Guernica: This reform movement is backed by so many powerful and wealthy entities, like the Bill & Melinda Gates Foundation and the Walton Family Foundation. Is it possible for the country to change direction when it comes to education?
Diane Ravitch: I think over time we will change course. I wouldn’t continue to be in the midst of this struggle if I thought it was impossible.
More and more people are starting to understand what the end game is with this reform, which is to destroy the commons, to destroy what belongs to all of us, and to replace it with these choices. They are not even very good choices. I mean, the stories about corrupt charters… The Detroit Free Press had a weeklong series about how the state of Michigan spends a billion dollars a year on charters, and they don’t do any better than the regular public schools. And among them are the charters where there’s nepotism, conflict of interest, self-dealing, fraud, and corruption. Neighborhood public schools are being destroyed in order to, in some cases, line the pockets of people who are of dubious morality. This isn’t what people pay taxes for.
My favorite story at the moment happens to be a trial that occurred recently in Ohio, where a pastor and his wife started a charter school, and he was arrested and brought to trial because over a million dollars was diverted to his church and to businesses that he owned. And his lawyer’s defense was that he wasn’t an educator, he didn’t really know what he was doing, and he saw easy money and greed got the better of him. That was his defense! Greed got the better of him. All of those millions are just lying there for the taking.
The usual fraud is when the charter company buys the school property and then rents it back to itself and charges the state a million dollars or so in rent so that the actual money that’s being made is not on the tuition but on the leases. There’s a lot of money that’s being made that way. People are very ingenious. There have been stories about the charters in South Florida, where one chain in particular has acquired over $100 million in properties. And all of it, the public money, belongs to them.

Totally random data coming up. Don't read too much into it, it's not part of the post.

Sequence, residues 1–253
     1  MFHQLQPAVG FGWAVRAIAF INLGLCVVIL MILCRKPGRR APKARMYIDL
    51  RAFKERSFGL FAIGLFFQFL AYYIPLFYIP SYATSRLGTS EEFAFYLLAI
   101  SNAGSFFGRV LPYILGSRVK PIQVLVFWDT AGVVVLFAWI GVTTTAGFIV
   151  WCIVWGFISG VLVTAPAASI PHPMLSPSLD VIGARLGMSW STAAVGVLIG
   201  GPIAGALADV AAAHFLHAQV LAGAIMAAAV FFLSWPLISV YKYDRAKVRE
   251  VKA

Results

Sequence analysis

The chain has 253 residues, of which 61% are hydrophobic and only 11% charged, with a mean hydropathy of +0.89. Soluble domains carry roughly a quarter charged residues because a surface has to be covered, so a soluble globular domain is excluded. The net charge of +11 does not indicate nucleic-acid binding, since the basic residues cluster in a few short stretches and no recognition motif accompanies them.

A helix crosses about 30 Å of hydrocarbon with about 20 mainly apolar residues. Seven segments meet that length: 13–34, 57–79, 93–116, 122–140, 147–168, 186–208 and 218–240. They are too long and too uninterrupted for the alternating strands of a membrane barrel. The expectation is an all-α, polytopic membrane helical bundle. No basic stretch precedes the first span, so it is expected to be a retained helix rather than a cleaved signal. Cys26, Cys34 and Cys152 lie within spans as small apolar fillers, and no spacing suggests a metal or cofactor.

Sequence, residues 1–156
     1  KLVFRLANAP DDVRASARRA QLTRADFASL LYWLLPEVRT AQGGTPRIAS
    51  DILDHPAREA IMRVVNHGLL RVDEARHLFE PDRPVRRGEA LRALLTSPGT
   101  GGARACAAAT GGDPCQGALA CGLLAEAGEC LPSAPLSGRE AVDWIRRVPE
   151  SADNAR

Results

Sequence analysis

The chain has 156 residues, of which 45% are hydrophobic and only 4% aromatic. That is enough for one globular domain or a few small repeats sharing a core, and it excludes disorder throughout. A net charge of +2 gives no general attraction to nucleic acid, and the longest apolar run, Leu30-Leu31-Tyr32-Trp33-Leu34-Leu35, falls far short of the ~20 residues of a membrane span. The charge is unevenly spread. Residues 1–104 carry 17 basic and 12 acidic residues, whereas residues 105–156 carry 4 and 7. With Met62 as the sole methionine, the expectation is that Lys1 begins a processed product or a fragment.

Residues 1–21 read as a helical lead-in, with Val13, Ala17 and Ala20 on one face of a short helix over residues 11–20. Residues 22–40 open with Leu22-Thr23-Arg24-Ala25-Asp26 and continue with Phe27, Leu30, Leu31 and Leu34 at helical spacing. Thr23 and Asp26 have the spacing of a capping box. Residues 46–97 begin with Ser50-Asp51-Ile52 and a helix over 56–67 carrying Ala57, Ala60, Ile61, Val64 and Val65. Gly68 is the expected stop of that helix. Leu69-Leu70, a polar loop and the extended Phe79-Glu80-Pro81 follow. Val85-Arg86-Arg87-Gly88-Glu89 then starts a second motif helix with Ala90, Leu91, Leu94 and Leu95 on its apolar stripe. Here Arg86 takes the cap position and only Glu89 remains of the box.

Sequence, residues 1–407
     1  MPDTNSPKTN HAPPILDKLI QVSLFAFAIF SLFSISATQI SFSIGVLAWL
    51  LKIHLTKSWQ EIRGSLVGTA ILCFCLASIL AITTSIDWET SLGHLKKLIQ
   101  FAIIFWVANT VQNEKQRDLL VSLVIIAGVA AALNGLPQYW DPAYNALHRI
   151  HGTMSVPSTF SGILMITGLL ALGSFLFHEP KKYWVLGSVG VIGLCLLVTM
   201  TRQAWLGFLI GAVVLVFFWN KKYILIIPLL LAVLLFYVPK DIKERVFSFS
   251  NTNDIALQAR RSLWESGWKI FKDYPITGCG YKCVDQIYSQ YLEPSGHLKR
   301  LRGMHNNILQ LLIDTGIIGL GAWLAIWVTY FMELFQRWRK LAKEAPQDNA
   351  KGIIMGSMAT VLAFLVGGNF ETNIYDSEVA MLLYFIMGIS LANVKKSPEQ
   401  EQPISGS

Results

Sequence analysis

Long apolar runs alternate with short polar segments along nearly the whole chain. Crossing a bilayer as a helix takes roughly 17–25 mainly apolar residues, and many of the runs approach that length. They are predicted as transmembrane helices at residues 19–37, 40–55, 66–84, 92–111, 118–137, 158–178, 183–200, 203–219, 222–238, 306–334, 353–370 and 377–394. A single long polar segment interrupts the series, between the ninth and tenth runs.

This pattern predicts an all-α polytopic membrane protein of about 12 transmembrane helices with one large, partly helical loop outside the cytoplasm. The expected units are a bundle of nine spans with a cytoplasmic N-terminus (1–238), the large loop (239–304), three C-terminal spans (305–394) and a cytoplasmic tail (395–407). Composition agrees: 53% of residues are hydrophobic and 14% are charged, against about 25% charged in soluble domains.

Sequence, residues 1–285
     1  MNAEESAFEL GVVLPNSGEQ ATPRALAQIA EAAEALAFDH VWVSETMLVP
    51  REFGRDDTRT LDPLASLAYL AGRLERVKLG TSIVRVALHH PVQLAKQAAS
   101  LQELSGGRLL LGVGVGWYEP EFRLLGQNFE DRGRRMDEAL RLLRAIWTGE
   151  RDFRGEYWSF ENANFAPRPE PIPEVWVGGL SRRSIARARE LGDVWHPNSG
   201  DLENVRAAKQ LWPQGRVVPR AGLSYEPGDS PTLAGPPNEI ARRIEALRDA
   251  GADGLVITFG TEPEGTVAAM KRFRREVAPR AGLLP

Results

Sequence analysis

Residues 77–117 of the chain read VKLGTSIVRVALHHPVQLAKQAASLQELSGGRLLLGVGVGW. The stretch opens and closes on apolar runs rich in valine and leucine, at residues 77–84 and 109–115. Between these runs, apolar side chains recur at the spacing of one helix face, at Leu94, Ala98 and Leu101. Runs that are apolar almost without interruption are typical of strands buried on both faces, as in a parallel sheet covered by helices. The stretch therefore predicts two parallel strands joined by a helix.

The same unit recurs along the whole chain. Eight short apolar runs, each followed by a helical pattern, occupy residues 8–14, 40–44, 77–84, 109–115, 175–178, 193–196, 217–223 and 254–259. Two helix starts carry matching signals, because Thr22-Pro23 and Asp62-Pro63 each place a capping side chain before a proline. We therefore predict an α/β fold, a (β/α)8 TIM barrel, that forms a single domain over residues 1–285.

Guernica: These are funds that are being diverted from the local public schools?
Diane Ravitch: Of course. It’s all public money. The League of Women Voters did a report on charters in Florida, and they pointed out the number of people in the legislature who are in the charter industry, or who are married to someone who runs a charter chain, or who have a sister who is in the charter business—and yet they are in charge of making decisions about how much money is going to go to charters. So the charter people—and this goes for those running virtual charters, too—they have been very clever about lobbying and placing friends in key positions in the legislature.
The biggest charter chain is associated with a Turkish imam, the Gülen charters. If you look up Fethullah Gülen, he’s very involved in Turkish politics and he lives in the Poconos. Fethullah Gülen leads a movement in Turkey which is very much at odds with the prime minister. He has a major political movement, and he also has about 120 charter schools in the US. They bring in Turkish teachers, and some of them can barely speak English, but they come in as math and science teachers. In Ohio, they have a lot of Gülen schools, and they take the legislators on free trips to Turkey. There are more Gülen schools in Texas than anywhere else. The FBI is investigating the Gülen schools.
I mean, someone could make a movie about this and it would be unbelievable.
It’s all unbelievable stuff. We used to have a public-school system where the money was devoted to the kids. Now we have public money being diverted to private businesses—to, in this case, a business that has roots in Turkey.